Date of Award


Document Type


Degree Name

Master of Science (MS)


Behavioral Analysis

First Advisor

David Wilder

Second Advisor

Felipa Chavez

Third Advisor

Kimberly Sloman

Fourth Advisor

Robert A. Taylor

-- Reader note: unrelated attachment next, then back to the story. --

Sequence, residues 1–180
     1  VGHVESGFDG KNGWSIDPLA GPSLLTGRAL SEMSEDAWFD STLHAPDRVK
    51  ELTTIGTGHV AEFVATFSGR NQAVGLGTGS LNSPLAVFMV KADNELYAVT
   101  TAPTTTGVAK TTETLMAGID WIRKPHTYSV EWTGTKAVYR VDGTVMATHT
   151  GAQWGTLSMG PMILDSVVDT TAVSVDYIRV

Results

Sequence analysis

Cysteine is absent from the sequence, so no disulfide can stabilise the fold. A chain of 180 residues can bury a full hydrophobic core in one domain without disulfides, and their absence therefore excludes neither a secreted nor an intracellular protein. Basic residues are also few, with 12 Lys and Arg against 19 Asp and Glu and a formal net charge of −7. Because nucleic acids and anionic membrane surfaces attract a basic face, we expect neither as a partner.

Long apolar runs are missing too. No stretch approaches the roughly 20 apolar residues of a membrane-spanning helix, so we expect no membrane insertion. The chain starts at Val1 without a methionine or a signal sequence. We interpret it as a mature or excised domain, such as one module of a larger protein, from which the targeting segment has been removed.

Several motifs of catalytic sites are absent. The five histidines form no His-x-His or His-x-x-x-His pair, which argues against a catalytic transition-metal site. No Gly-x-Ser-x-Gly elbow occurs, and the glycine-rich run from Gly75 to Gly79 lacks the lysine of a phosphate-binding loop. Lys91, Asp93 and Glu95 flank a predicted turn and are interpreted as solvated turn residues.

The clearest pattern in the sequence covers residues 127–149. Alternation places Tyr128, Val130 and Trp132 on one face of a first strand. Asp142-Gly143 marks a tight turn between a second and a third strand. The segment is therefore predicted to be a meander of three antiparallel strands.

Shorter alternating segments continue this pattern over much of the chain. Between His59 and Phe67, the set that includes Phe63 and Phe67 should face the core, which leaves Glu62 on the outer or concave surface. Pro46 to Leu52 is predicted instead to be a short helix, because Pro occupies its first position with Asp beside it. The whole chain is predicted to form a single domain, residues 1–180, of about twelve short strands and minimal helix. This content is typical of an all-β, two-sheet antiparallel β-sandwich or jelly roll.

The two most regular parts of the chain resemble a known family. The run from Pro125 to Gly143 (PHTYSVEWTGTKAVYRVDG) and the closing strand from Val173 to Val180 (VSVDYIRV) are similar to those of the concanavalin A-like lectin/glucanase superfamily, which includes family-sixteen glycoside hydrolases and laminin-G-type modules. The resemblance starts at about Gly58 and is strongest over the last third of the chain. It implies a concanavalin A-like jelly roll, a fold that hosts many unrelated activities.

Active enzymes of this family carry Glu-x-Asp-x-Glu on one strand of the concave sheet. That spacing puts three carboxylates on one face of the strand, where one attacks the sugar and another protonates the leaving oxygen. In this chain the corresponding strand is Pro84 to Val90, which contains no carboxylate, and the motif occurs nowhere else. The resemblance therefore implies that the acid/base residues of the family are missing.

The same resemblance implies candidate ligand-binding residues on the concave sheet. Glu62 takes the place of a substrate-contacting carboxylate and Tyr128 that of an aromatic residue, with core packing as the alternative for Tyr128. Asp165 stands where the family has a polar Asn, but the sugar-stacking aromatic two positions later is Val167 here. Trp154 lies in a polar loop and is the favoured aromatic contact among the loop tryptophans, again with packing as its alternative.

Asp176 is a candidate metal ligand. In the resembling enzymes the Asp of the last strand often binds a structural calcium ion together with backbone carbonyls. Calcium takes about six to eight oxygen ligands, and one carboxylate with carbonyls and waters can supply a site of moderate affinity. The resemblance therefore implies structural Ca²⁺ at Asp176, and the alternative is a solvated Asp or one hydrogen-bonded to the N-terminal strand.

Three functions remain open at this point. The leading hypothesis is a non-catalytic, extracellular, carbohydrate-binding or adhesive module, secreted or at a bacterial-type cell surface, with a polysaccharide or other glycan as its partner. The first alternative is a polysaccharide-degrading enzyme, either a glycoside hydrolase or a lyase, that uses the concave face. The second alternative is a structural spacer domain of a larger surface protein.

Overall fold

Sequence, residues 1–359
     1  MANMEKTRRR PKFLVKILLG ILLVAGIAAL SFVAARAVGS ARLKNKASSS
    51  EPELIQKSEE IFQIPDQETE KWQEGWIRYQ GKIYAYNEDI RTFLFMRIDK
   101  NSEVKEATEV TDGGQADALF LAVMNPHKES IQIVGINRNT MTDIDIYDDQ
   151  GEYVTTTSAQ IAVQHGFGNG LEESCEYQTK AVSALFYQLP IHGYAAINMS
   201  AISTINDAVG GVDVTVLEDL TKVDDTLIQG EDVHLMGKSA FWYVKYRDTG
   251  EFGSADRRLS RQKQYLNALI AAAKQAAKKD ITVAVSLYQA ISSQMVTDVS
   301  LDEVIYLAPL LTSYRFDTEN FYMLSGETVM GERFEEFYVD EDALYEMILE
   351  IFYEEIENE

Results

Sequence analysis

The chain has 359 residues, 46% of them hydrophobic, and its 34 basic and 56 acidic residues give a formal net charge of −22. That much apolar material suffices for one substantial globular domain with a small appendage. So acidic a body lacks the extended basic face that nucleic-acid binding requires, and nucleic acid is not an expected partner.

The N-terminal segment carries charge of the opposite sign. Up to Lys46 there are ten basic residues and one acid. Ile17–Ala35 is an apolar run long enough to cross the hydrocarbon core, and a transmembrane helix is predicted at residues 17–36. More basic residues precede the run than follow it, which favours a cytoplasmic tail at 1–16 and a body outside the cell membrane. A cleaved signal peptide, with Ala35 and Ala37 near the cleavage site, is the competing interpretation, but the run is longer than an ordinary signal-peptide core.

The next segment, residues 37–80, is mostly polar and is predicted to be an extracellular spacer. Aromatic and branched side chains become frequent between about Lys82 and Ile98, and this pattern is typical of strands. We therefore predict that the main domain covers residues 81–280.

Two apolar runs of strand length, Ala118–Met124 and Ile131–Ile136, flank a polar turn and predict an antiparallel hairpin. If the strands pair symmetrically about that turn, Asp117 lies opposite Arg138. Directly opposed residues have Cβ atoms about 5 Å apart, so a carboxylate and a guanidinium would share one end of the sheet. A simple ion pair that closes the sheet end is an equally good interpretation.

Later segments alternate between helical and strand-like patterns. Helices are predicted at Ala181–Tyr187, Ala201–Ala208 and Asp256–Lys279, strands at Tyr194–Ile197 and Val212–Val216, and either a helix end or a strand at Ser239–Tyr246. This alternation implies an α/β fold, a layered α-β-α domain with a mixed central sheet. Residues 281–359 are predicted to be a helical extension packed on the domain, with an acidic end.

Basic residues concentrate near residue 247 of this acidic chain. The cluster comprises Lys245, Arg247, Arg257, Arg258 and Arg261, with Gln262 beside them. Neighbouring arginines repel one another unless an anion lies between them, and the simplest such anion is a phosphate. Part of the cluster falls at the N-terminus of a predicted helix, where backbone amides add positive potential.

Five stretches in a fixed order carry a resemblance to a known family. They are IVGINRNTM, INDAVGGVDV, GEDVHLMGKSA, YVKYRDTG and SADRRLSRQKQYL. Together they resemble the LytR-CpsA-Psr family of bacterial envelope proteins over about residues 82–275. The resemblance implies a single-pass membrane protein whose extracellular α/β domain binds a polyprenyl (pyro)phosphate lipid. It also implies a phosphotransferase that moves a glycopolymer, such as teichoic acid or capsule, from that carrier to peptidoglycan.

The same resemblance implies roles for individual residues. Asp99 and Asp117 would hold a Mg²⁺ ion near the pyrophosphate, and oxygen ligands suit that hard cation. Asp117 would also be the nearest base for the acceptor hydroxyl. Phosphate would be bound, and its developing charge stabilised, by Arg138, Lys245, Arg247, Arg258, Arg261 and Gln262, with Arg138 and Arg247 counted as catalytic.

Stereotypy is a restricted, repetitive behavior that features rigidity and invariance. Approximately 88% of individuals with Autism Spectrum Disorder (ASD) exhibit some form of stereotypy (Chebli et al., 2016). Although it often occurs under conditions of stimulus deprivation, stereotypy may also occur under other environmental conditions. The purpose of this study was to evaluate the occurrence of stereotypy when preferred items are available noncontingently. Three participants were exposed to a baseline condition in which they had no access to items, followed by conditions in which high and low preferred items were delivered noncontingently to investigate whether automatically-maintained stereotypy was likely to increase during access to preferred items. Results showed that all three participants exhibited increased levels of stereotypy when they had access to high preference items. Implications and further research suggestions are discussed.